Everything you need to know about Bounce
(aka Trampoline / Rebounding)

Bouncing is a game changing form of exercise. It’s fun, it’s safe to do regularly, and its a really effective tool for getting a full body workout! Even better, Barre Groove classes are designed to be balanced, so you not only strengthen your legs, core, and arms but you also get all of the added benefits that come with cardio work while bouncing.

Don’t just take our word for it, there’s a growing body of research that suggests bouncing is a really effective and efficient form of exercise.


“Just a few minutes of bouncing at the end of your day can make a big difference to your health and happiness. Light bouncing can help increase blood flow to underused muscles and loosen and release overused ones, plus it helps the body release endorphins (your brain’s natural calming aid, they make us feel good). Being in your body and getting out of the business in your head comes naturally as you bounce, and it can help clear your mind and decrease tension.”

Source: “How 15 minutes on the trampoline can change your body” goop, October 19, 2017

Emphasizes your legs and core

“Rebounding is wonderful for your lower body, particularly when it comes to toning and shaping your legs, thighs and buttocks. Think about it: When you’re jumping up and down, your legs are constantly working to help you maintain balance, as well as helping to control each jump.

So, consistent trampoline workouts will inevitably lead to stronger, more toned thighs, buttocks and glutes.”

Source: “You Might Want to Jump on This: 3 Muscle Areas a Trampoline Works Out” livestrong.com, March 20, 2019

It’s a fun and effective workout

Bouncing is an effective form of cardio exercise. It’s also great at engaging the muscles in your legs, booty, and core. After just a few minutes of bouncing your body will be sweating and your heart rate will be elevated.

“In one small 2016 study Dr. Porcari conducted for the American Council on Exercise, 24 college students jumped on mini trampolines for six months. During each 19-minute workout, men burned an average of 12.4 calories per minute, while women burned 9.4 calories per minute, similar to running six miles per hour on flat ground. Yet the participants rated their effort on the trampoline as lower than one would expect for that level of exertion. In short, Dr. Porcari said, they were having too much fun to notice.”

Source: “Bouncing Your Way to Better Health” New York Times, November 11, 2022

Boosts longevity by being low impact on your knee and ankle joints

Bouncing is much gentler on your joints than traditional running. It’s been found that exercising on a trampoline reduces approximately 80% of the force placed on your joints compared to walking/running on pavement.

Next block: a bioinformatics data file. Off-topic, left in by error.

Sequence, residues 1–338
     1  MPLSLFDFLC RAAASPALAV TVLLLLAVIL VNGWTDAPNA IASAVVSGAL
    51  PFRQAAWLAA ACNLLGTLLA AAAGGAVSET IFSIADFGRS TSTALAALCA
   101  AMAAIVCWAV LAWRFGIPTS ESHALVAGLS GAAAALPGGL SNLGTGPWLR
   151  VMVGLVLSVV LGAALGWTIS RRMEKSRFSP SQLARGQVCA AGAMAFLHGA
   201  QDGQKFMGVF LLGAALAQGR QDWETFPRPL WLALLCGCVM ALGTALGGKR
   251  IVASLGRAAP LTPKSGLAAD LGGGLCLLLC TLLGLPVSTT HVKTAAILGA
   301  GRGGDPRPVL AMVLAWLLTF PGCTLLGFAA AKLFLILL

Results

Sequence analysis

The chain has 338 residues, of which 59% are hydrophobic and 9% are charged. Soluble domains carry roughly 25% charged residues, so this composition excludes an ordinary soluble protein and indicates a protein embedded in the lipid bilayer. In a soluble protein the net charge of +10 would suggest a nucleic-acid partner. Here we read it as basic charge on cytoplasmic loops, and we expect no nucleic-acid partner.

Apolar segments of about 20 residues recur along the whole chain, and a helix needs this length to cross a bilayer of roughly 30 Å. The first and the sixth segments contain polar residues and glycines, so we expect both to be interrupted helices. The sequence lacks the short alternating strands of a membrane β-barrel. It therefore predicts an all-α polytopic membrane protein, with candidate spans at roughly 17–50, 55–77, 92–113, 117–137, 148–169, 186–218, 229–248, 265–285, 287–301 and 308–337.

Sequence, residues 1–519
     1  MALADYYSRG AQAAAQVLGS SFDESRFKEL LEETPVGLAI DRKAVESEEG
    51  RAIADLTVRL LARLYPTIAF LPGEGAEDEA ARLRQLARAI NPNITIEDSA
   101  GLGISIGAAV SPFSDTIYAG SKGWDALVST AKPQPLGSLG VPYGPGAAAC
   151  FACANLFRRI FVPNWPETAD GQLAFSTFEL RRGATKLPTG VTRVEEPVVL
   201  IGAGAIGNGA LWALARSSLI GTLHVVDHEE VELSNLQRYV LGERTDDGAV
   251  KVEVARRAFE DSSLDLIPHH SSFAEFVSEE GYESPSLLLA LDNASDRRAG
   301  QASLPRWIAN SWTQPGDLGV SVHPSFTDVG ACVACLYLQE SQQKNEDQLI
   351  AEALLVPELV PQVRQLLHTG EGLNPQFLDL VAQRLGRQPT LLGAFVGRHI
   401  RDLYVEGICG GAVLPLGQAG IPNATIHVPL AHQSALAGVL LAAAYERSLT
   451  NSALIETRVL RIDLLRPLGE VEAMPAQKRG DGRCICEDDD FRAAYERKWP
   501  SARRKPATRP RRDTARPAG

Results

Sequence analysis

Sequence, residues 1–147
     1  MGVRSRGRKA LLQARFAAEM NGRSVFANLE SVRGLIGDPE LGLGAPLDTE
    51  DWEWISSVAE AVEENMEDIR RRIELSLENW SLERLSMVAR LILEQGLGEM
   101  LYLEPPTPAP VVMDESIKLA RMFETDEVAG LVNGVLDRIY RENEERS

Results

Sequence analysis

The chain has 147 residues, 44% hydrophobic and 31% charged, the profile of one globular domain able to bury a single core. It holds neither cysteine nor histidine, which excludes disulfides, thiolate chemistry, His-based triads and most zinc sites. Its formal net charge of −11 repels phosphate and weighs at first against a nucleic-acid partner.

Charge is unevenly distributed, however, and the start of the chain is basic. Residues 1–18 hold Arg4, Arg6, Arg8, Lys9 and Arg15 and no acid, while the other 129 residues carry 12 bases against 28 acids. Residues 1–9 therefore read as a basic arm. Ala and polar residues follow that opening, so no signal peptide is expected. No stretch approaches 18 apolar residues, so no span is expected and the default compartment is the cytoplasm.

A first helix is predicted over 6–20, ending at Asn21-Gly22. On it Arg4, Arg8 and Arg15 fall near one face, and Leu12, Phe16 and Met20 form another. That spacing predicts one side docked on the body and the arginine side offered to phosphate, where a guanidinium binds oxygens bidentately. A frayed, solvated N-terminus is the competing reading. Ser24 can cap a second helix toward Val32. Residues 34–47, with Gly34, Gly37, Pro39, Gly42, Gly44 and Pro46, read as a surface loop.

“One downside of running is that it can lead to orthopedic injuries,” says study author John Porcari, professor of exercise and sport science at the University of Wisconsin La Crosse. But even though the motions are similar in jumping, the trampoline absorbs some of that shock, causing the impact forces on the feet and lower extremities to ease up, he says. “It absorbs the shock instead of you pounding on the pavement, and that makes it seem easier than it is.”

Source: “Jumping Up and Down is Ridiculously Good Exercise” TIME Magazine, September 22, 2016

Helps improve your balance

“In addition to being a cardiovascular workout, bouncing is “fantastic” for balance, building muscles in your feet, ankles and calves, Dr. Porcari said. This is particularly important as people age and their risk of falling goes up.

Another small study, published in 2011, suggested that jumping on a mini trampoline can specifically improve dynamic balance, the type of balance required when you’re walking, climbing stairs or standing in place. In older people, improving dynamic balance can lower the risk of falls.”

Source: “Bouncing Your Way to Better Health” New York Times, November 11, 2022

Strengthens your pelvic floor

Having a strong pelvic floor is really helpful in preparation for pregnancy and aging more gracefully.

One small study published in 2018 suggested that the pelvic floor muscles are highly active during mini-trampoline jumping and another, not yet published, indicates that pelvic floor function can be improved by rebounding [bouncing].”

Source: “Bouncing Your Way to Better Health” New York Times, November 11, 2022

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